• Employee benefits must continue to be provided through the state.
  • The university will ensure fairness and equity in employment practices and salaries, including, for instance, prevailing wage for construction projects.

Internal University Processes for Deliberation on the New Badger Partnership Proposals arising from the New Badger Partnership Initiative will be vetted by appropriate university groups. These groups will include, but are not limited to: school/college academic planning councils, University Committee, Faculty Senate, Academic Staff Executive Committee, Academic Staff Assembly, Associated Students of Madison, Council for Non-represented Classified Staff, and employee unions.

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5 Responses to Faculty Senate to debate principles for New Badger Partnership

  1. Starved for Information says:

    Thank you for this.

    I’ve been following this issue closely. Or I should say, I have TRIED to follow this closely. It’s an understatement to say that we lack “specific details”. We lack even the broadest outlines of what is actually being proposed and argued for. If rumors are right, the Chancellor could be fundamentally transforming the UW-Madison with literally no input from faculty, staff or students. After the way the ‘research enterprise’ was handled, and then the external consultant mess, people are very jumpy, to put it mildly.

    I hope you’ll keep us posted as you find out more about what’s going on here. Nobody else seems able or willing to.

  2. Monica Macaulay says:

    Thanks, S&W, for starting a conversation about this…

  3. Bracing says:

    There’s no doubt that many things very important to the well-being of UW employees are at stake now, whether you’re a professor or a mail carrier. The meltdown of the financial industry has so hurt retirement plans everywhere, and there is no doubt that our plans will have to be adjusted, and probably, a lot. Were such needs addressed in a sane and respectful manner, I think most of us could accept it with a spirit of sacrifice. But we have very poorly qualified legislators who have gotten into office not on the basis of anything they can do, but to punish someone else for what they weren’t able to do. What electorate in its right mind would choose Johnson over Feingold? Walker seems to me to have little understanding of anything, and just wants to dismantle the government and “open the state for business.” This is leadership? When was the last time there was a scintilla of creativity in the Republican agenda? I think we, UW and other state employees, are going to be heavily punished for simply existing. The real issues for the UW will be where we make the cuts and how we distribute the burden. My guess is that this will be done ineffectively and follow the faultlines of power politics on campus, to the tune of Go Down Moses. That’s the sorrow, in some ways campus politics are no better than state politics, and there is a fierce sense of entitlement on the part of those who have the most (faculty). But WE have no excuse. I truly hope we can show wisdom, integrity and fairness in dealing with our losses. That is a lesson our fellow tax-payers could learn from.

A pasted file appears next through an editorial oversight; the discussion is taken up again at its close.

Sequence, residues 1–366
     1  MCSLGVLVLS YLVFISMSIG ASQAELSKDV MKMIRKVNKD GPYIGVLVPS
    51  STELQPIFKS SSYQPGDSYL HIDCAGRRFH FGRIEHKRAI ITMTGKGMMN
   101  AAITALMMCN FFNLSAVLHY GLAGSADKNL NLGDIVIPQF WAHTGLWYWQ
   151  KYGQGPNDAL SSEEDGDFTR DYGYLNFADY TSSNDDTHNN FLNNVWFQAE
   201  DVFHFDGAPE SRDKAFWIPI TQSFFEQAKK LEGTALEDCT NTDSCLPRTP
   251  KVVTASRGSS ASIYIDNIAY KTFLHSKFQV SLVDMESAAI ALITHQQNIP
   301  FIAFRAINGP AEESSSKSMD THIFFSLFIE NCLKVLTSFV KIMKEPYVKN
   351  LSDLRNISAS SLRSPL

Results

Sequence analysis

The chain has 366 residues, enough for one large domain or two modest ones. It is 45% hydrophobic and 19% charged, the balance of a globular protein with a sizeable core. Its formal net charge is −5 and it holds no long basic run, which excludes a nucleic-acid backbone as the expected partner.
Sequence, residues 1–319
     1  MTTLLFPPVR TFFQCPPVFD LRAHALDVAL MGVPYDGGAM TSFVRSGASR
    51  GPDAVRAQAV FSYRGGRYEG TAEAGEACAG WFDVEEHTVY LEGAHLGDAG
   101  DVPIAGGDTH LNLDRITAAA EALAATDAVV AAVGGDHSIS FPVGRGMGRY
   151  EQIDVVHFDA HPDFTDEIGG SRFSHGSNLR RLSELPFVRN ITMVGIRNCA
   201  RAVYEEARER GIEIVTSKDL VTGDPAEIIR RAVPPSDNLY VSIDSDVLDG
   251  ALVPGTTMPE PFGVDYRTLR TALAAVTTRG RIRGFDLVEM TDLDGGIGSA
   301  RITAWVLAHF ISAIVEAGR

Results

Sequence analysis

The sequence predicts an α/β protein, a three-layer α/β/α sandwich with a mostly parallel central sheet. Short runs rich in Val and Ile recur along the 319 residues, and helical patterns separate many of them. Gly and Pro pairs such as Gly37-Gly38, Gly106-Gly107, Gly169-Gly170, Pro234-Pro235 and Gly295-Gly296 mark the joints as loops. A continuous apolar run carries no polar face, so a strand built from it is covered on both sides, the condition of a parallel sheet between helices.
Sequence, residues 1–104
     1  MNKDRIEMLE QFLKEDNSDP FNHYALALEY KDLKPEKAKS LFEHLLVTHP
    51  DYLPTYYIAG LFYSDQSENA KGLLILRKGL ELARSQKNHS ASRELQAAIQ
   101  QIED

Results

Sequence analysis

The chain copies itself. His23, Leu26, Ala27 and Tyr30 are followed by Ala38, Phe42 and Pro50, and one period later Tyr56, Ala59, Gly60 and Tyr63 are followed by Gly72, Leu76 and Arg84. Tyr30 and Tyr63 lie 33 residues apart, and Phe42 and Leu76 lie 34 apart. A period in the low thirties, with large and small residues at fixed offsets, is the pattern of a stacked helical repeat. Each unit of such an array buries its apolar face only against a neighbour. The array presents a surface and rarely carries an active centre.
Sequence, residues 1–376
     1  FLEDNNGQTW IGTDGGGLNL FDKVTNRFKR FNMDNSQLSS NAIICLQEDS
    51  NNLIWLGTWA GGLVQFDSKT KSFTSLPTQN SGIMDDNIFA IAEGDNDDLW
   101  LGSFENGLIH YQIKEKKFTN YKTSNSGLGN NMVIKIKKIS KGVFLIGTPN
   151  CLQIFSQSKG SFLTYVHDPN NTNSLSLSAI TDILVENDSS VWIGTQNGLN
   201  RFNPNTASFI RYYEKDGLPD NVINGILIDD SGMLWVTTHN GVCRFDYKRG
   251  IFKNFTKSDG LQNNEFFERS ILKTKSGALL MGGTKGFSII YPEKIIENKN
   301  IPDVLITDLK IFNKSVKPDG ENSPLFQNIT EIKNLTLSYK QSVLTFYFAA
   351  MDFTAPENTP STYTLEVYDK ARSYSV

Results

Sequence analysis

Also, don’t forget Frances Fox Piven:


    What a world we live in, what a pack of charlatans inflame the votebot electorate. Read the comments to that Guardian article for much amusement.

  4. Admin says:

    It has been brought to our attention that, in last Friday’s public meeting of the NBP Working Group, the principles document was further refined. Apparently an updated version of the document will be posted to the Faculty Senate website as soon as it becomes available. S&W has not yet obtained a copy of the revisions.

  5. Admin says:

    The revised document 2244 has now been posted on the Faculty Senate website here: http://www.secfac.wisc.edu/senate/2011/0207/2244a.pdf

    The revisions are clearly marked.